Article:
Nguyen Dang Trien, director of the IT Solutions and Digital Services Centre under Viettel Telecom, said that the business has enacted camera hardware technical specifications set to satisfy user requirements.

Viettel has integrated hardware and software applications, network layer, and servicers, including ensuring camera data storage in Vietnam for user protection.

“With this approach, the product price and relevant costs might be higher compared to several global platforms which manage huge volumes of cameras reaching several hundred million units. I believe to enhance competitiveness and ensure information security, it is necessary to have in place a set of criteria about basic network information security requirements, including technical specifications, to create fair competition between domestic businesses and their foreign peers operating in Vietnam,” said Trien.

Advocating the mindset, Nguyen Duc Quy, CEO of Vconnex Technology, which boasts international standard IoT platforms, said that independent local businesses often face myriad hardships.

“Local firms might be defeated at home if users continue to use the uncontrolled low-cost cameras that are ‘drifting’ into the domestic market. Therefore, it is important to have in place policies strong enough to support local firms before thinking of reaching out to the global market,” said Quy.

A GlobeNewswire report showed that the global security camera market value amounted to $12.83 billion in 2023, and is expected to touch $41.32 billion by 2032, eying a compound growth rate approximating 13.9 per cent annually.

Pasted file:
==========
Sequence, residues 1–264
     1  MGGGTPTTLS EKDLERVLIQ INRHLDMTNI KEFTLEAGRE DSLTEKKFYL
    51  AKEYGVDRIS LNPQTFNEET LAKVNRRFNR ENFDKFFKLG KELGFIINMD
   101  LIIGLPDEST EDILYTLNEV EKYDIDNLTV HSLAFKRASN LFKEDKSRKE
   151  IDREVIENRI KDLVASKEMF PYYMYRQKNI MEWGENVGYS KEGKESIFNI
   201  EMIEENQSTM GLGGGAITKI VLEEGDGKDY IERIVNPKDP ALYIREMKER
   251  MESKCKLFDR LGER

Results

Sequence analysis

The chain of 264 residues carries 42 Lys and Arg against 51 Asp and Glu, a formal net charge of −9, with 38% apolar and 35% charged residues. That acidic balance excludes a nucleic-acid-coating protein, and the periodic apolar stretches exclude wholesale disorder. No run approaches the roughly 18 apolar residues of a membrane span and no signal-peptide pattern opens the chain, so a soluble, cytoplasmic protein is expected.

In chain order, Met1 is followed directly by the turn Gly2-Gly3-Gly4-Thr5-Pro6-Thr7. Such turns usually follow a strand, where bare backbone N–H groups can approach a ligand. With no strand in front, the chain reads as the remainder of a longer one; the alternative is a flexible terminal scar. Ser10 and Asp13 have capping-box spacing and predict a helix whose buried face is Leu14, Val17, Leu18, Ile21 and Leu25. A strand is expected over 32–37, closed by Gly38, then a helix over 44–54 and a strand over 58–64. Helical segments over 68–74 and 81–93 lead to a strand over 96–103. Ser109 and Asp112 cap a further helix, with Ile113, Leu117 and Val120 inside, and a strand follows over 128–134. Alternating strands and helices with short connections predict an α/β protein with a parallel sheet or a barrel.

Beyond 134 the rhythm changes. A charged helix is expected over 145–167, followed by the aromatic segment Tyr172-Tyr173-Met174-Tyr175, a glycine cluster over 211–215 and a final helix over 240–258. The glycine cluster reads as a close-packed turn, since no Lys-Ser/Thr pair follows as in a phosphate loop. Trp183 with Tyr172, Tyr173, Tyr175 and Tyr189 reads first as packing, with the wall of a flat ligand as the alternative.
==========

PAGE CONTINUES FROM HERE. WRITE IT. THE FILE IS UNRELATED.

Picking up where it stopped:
In Vietnam, the demand for cameras is huge. The total market size might reach 100-150 million units a year, yet in fact the country just produces 10-15 million units, and needs to import 5-6 million units each year, mostly cameras for business and household use.

Government agencies increase casino surveillance Government agencies increase casino surveillance

The Ministry of Finance is asking casinos in Vietnam to equip their venues with a working camera system for it to properly supervise their operations.

FPT Group partners with Landing AI to bolster global presence FPT Group partners with Landing AI to bolster global presence

On October 24, Vietnamese IT giant FPT Group entered into a strategic partnership with Landing AI, a top-tier AI firm from the US. This pivotal move aims to bolster collaboration between the United States and Vietnam in this burgeoning sector, expanding market opportunities for both parties and pushing the evolution of AI globally.

Regaining trust essential to bolster growth of credit Regaining trust essential to bolster growth of credit

Some banks are at times reluctant to lend, regardless of their financial standing. Tran Ngoc Bau, CEO of WiGroup, a major provider of economic data and fintech solutions, talked to VIR’s Nhue Man about credit bottlenecks in the current context and how to boost credit growth in a healthy manner.

By Tuan Thuy

What the stars mean:

★ Poor ★ ★ Promising ★★★ Good ★★★★ Very good ★★★★★ Exceptional